Palindromes Made E-Z

Palindromes Made E-Z? But palindromes are hard, right? Wrong. If you have the right tools, they can be easy to compose. I know. I was illiterate about palindromes for years before I figured I could invent something to make them easier to create.

Palindromes Made E-Z Wasted Cadet

The video above is the best way to learn how to create original palindromes with the Palindrome Composer and Franklin’s Palindromedary. First a little background.

Franklin’s Palindromedary is a reference book for palindromists. The core of it is made of two word lists. The first list, Main, lists words much like a dictionary. The word in each entry is in bold. Immediately after in parentheses is the reversed word. Those two together are helpful, but the real power is in what I call the splits.

Palindromes Made E-Z With Splits

A split is a way of breaking the reversed word into two or three fragments. The point is to find words that can expand your palindrome. Every word you add must also appear in reverse to make a symmetrical palindrome. Without that symmetry, there is no palindrome. Each split will have two links, one to the Reversed word list and one to the Main word list. Every listed split is guaranteed to link to at least two words that have some value in composing a palindrome.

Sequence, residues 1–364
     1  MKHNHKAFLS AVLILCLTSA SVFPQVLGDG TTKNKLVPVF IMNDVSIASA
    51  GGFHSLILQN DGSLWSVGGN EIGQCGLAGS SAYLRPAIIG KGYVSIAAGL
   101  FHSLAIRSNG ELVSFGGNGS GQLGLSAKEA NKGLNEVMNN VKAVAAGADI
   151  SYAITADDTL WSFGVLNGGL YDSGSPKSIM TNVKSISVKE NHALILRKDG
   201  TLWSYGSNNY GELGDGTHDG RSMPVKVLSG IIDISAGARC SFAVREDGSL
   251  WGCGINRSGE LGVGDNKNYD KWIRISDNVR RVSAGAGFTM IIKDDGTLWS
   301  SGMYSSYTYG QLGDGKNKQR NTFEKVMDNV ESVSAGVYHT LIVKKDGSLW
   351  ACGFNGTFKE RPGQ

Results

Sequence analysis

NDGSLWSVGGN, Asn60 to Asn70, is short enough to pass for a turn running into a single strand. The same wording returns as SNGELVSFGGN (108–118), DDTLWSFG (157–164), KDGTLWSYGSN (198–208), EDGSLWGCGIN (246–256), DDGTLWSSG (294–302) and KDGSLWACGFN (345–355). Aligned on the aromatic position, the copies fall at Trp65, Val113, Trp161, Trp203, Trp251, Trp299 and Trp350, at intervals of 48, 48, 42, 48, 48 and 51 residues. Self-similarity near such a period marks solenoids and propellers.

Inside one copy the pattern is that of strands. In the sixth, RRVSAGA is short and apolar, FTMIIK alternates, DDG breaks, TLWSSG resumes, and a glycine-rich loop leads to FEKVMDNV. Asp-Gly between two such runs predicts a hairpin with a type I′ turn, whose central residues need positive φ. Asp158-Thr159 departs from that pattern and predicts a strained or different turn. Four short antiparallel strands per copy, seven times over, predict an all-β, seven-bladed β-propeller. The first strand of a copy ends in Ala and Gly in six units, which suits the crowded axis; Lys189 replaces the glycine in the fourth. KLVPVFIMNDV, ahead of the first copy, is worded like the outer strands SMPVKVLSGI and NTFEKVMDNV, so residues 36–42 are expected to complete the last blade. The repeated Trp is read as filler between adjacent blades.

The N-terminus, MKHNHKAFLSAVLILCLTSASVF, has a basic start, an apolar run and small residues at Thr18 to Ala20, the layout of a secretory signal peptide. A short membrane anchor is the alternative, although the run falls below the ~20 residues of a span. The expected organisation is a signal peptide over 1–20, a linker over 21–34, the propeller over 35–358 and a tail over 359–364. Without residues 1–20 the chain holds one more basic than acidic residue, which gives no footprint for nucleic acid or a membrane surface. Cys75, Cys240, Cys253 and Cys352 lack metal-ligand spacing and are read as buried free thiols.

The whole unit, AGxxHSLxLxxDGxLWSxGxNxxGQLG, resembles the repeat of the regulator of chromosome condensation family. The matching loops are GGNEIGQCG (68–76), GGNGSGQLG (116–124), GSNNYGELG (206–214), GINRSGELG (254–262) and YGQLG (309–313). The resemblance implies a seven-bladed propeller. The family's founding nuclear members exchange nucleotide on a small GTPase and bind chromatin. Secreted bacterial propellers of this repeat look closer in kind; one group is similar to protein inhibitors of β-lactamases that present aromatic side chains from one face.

Palindromes Made E-Z Main Word List Dagon
Palindromes Made E-Z Main Word List Dagon

Left-hand splits link to the Reversed list. This list shows reversed words in alphabetical order. The effect is to group words by how they end. Thus, the link for a left-hand split goes to words ending in the left fragment. In the image above, the two splits link to words ending with “no” and “nog”.

The right-hand splits link to the Main list. This is useful to find words that begin with the right fragment. Clicking the link is the fastest way to go right to the words you need, much faster than browsing from the start of the letter category.

The Palindrome Composer adds even more speed by using a simple web form to access the Palindromedary. Enter a word from the Palindromedary into the Word Explorer field and it puts all available splits in to a select list. Choose one split, and the words associated with the left and right fragments instantly appear in the two panes below the select list. Above the panes are buttons linking to the same places in the lists that the Main list splits would go. If either list is too long for the pane, just click the button to open the Palindromedary in a dedicated browser tab and see the full list.

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Ray N. Franklin

Owner, SF Writer at Big Leaf, LLC
Ray N. Franklin lives in Fort Collins, Colorado. He has been a software engineer, granola entrepreneur, and internet marketer. Now he edits palindrome anthologies at and writes science fiction. Find him on the Mastodon federation

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